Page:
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12.2.3 : SRI KRISHNA CHAITANYA
Chaitanya (1486 – 1534 A.D.) - also known as Sri Krishna Chaitanya or Gouranga, grew up as Pandit Nimai in the district of Nadia, Bengal. He was then a cantankerous, carping scholar-teacher who could beat any scholar of repute visiting that part of the country in disputation. At the age of 22, during a visit to Gaya, he was suddenly initiated into the bhakti path by Iswarpuri and from then on Chaitanya spent a life of humility and divine bliss. Reciting and singing the names Hari, Govinda and Krishna became his only occupation.. He preached only the importance of nAma-saMkIrtana and that the ferevent devotion of rAdhA to kRSNa was the best example of bhakti for all devotees to follow. The first poetic expression of the rAdhA-kRSNa tradition was in the gIta-govinda of Jayadeva (12th cen. A.D.). The principal character in that love-poem was rAdhA, the celebrated milk-maid of Brindavan, who was the beloved of kRSNa, who moved no step except towards kRSNa and who spoke no word except prayer to kRSNa. She saw and heard only kRSNa. She spoke only of Him, to Him, for Him, whoever might be near her. KRSNa fitted her heart entirely. Jayadeva’s poem is held in high respect and is sung all over India particularly in congregatory singing of bhajans, the singing often reaching heights of supreme ecstasy. It was Chaitanya’s mysticism and conviction about the rAdhA-kRSNa theme that popularised rAdhA as a Goddess and as an avatAra of Lakshmi. His memory of his extraordinary sense of God’s presence with him, descriptions of his state of ecstasy and vairious extraordinary and supernatural incidents that are said to have taken place during his life led his contemporaries to treat him as an avatAra (of Lord kRSNa himself) even in his own lifetime.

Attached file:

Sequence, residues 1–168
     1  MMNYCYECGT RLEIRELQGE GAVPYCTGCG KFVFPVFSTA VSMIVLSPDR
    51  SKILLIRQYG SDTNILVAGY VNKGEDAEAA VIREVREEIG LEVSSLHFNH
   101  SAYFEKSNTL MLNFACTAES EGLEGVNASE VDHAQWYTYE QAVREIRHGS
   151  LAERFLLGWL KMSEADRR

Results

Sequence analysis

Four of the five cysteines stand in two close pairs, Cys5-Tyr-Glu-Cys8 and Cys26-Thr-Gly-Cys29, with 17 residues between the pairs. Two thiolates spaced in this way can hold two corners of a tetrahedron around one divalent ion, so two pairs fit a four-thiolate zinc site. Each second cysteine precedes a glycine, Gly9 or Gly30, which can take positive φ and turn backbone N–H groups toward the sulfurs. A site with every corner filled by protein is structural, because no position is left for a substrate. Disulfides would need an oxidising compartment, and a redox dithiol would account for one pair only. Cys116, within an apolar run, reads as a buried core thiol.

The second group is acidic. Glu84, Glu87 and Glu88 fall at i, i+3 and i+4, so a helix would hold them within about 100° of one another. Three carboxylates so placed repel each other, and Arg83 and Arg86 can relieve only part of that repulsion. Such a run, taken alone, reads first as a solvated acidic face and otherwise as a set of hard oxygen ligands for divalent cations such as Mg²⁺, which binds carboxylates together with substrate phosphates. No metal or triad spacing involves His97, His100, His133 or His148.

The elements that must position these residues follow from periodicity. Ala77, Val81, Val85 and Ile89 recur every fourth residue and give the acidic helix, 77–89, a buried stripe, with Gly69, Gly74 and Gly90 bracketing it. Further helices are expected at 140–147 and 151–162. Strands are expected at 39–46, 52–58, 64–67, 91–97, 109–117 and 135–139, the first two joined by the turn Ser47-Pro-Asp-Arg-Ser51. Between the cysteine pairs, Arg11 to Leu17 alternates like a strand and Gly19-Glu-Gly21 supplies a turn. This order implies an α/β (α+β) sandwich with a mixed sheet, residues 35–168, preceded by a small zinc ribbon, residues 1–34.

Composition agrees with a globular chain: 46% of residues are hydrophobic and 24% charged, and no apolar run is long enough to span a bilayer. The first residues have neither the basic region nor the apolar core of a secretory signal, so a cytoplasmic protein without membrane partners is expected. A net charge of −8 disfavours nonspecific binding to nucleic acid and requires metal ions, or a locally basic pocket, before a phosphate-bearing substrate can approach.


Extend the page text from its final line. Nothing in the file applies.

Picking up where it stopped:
Disciples gathered around Chaitanya both at Nadia and at Puri where he settled, and through them, he worked miracles, the greatest being that of converting to the bhakti path any one, be he a believer or not,who came into his sphere of influence even once. The sincerity of the overpowering religious experience that he radiated could not but move millions, scholars and laymen alike, irrespective of caste or creed, to partake in the ecstasy of nAma-saMkIrtana, which took place unceasingly. As the authority for the importance of nAma-saMkIrtana over other paths like study of vedanta, etc. he used to quote one verse from bRhan-nAradIya-purANa, which was taught to him, he said, by his guru. It says: The name of Hari and the name of Hari alone is the path for Release in the kali age; there is no other path, indeed no other path.
harer-nAmaiva nAmaiva nAmaiva mama jIvanaM /
kalau nAstyeva nAstyeva nAstyeva gatir-anyathA //
He left no writings for posterity. He only showed by his own example and by his saMkIrtana how deep, intense and enjoyable bhakti could be. He proved that religious worship need not verge on the funereal, but it could be the joyous funeral of all sorrows. He preached that the most important quality on the psiritual path is deep sincerity and devotion. It is not the number of years one spends on the path that counts but how deeply one tries to find God. It was Chaitanya who identified for posterity the locations of kRSNa’s exploits in Brindavan. It was he who unearthed during his tours of South India, two important devotional works, namely, brahma-saMhitA ( a summary of bhAgavatam) and kRSNa-karNAmRtaM. His life is the inspiration and motivating force for the modern Krishna-Consciousness movement of the past three decades.